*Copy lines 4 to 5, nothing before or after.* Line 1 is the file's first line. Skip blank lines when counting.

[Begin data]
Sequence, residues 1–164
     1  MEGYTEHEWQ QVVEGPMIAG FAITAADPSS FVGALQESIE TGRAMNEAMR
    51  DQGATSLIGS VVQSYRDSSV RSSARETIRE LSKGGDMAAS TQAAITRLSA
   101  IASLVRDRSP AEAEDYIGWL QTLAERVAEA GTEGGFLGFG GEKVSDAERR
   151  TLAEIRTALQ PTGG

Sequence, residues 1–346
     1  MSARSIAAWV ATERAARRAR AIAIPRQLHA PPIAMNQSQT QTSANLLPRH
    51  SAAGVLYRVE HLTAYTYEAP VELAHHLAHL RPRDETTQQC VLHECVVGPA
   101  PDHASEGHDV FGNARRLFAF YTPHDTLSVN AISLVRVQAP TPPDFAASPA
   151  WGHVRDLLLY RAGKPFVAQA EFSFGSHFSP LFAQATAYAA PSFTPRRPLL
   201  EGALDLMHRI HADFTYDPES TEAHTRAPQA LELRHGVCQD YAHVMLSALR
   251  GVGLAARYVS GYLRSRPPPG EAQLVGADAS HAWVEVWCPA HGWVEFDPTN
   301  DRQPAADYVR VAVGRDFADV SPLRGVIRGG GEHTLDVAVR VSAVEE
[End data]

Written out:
   101  IASLVRDRSP AEAEDYIGWL QTLAERVAEA GTEGGFLGFG GEKVSDAERR
   151  TLAEIRTALQ PTGG